The Dubliner, who could be deployed in a bid to help cramp Ibra’s style in the Stade de France this evening, has been giving some insights into the childish high-jinks with which the Irish players are wont to relieve the boredom at their tournament base.
“The boys are trying to frighten me because they know I’m a bit on edge when I get frights,” said the affable Dubliner. “I just kind of get frights easily so they jump out on me. Shane Long is killing me! Silly old games to keep us entertained, and we get each other back and stuff. It’s just a bit of craic around the hotel to keep us occupied. We’re like big babies (laughs).”
Out on the pitch though, it’s a different matter, even if the 30-year-old Reading midfielder, a late developer as an international, knows he’s now on the brink of entering an arena peopled by some of the greatest players.
“I wouldn’t say I have doubts,” Quinn mused. “I’d have a few nerves or whatever, but you’ve got to believe in yourself when you’re going out on to the field. There’s no point in going out with a negative attitude. I crave that feeling of the nerves or the butterflies – it gives me that edge and it gets me pumped for games. Then once the game starts, they’re all gone. You need them to get the blood flowing. You just suck it up and get on with it. Once the ball kicks off, you’re in the zone.”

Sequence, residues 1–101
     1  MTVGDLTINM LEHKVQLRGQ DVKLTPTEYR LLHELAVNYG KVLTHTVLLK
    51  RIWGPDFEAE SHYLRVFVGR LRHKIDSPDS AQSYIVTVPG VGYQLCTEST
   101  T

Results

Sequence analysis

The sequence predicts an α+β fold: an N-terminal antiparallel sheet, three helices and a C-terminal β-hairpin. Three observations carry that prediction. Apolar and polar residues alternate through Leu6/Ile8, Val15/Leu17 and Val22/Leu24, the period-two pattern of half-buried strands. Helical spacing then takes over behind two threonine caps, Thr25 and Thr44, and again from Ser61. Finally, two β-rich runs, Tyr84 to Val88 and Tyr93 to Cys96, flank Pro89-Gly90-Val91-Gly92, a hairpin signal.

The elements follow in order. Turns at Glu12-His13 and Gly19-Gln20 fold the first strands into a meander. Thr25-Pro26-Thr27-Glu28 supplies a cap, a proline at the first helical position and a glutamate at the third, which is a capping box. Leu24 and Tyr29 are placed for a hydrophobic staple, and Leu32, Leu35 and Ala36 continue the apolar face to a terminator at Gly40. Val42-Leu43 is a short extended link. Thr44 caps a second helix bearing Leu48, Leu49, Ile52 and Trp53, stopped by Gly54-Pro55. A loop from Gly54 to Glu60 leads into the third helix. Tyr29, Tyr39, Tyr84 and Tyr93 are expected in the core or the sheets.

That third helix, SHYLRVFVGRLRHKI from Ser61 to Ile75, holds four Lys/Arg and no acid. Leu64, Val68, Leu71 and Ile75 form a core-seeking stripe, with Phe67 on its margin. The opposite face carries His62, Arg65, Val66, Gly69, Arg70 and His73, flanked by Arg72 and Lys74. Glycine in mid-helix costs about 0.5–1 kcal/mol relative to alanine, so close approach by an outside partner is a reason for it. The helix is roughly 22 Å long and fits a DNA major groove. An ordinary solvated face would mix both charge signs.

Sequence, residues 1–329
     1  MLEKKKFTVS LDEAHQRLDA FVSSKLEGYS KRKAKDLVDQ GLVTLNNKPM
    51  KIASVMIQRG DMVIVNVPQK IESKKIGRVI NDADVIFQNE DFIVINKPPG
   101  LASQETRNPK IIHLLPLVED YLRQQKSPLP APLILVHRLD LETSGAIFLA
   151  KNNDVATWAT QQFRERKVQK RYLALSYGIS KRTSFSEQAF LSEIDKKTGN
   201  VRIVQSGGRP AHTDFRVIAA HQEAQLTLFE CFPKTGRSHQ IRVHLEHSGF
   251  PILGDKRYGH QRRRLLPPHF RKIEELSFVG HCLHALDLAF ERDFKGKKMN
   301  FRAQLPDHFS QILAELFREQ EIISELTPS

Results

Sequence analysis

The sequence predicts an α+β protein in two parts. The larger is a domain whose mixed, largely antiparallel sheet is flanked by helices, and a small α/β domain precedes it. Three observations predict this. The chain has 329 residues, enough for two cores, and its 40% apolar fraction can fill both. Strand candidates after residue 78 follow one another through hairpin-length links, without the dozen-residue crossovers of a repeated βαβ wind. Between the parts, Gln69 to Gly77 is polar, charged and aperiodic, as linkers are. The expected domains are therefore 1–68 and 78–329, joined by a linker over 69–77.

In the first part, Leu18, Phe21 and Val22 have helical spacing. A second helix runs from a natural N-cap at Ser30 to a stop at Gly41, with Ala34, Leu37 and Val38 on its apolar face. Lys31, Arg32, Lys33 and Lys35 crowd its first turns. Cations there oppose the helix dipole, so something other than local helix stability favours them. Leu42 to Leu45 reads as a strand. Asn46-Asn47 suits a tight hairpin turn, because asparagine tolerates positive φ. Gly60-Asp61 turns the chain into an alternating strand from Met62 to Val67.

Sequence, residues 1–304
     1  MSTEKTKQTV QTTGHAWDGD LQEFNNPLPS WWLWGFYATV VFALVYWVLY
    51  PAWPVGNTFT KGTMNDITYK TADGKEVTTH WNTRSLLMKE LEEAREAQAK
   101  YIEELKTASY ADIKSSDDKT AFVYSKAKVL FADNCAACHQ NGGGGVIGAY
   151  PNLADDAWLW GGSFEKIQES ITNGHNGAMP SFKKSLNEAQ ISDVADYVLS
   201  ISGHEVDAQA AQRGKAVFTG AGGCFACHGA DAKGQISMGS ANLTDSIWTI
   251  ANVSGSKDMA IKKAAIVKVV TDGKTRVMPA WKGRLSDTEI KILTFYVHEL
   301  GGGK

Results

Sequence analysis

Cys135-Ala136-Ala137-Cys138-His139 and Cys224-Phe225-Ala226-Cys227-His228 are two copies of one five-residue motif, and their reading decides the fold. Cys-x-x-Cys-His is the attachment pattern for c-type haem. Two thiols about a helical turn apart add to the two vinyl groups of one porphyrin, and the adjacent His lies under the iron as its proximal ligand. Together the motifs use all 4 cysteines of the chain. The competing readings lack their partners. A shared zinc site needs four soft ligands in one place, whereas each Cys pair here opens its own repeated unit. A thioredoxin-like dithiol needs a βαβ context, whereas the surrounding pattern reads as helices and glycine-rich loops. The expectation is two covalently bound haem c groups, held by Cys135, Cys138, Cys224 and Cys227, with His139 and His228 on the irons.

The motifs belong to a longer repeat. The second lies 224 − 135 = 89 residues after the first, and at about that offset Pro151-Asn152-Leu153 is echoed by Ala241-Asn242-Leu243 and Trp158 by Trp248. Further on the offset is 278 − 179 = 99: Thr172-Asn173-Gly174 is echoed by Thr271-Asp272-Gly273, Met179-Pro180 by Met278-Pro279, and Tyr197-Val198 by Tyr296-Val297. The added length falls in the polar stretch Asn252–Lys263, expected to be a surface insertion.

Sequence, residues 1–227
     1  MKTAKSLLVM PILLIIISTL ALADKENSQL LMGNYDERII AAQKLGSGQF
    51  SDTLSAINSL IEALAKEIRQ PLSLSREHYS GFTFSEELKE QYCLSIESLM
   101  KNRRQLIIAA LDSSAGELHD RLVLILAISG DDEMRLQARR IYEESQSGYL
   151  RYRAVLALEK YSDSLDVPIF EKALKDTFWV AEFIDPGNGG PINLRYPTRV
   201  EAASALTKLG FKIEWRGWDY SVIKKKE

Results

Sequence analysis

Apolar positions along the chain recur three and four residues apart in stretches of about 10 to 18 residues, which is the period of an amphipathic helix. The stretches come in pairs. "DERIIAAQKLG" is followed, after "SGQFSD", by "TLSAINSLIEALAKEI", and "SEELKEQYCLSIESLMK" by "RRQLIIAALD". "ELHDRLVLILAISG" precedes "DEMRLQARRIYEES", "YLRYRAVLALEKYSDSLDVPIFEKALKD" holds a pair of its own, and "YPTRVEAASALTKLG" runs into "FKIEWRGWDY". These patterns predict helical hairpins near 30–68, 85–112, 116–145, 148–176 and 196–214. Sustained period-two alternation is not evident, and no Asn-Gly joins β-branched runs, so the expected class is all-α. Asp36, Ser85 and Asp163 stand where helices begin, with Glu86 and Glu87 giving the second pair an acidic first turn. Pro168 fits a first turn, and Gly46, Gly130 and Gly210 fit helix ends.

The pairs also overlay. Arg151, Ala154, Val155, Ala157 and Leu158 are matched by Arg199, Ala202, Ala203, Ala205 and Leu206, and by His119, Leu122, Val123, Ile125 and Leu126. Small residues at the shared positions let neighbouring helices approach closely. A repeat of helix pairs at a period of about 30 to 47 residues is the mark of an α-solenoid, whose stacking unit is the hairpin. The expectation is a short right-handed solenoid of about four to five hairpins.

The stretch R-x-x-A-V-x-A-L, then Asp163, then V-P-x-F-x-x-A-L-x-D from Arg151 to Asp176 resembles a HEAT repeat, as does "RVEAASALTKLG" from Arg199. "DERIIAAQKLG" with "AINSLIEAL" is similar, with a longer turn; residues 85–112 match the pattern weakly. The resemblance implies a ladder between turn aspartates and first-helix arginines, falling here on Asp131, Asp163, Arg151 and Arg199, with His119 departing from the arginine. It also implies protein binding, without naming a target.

Following in the footsteps of his brother and former international Alan, the flame-haired younger Quinn now stands on the brink of going one better by playing in the European Championships.
“I speak to Alan every day,” he revealed. “Alan was really good friends with Robbie Keane growing up. They won the U18 championship together so they would be good mates. That’s why I’m so close to Robbie. Alan is constantly on the phone to me and having a bit of banter with Robbie. He’s coming over for the Italian game. He has everything booked and he is looking forward to it.
“I’ve got a massive chance now that only comes around once or twice in your career but it didn’t come for Alan. So I’m not going to take this lightly, I’m not going to let it bypass me. I’m 30 and I know that there might not be another tournament. I’m at the best place in my career, where I feel at my fittest and strongest, so I need to take this chance that has come. “
And if he does get the nod, tonight or at any stage in the tournament, from Martin O’Neill? “It will probably be the second proudest moment of my life after my kids being born,” Quinn beamed.
“It’s the pinnacle of my career. But there is no point in just being happy to be here; we want to progress. We’ve got a great chance with the way the format is and if we go in with belief, the team spirit that we have and the hard work, there is no reason why we can’t beat these teams.”
Frighting talk, you might say.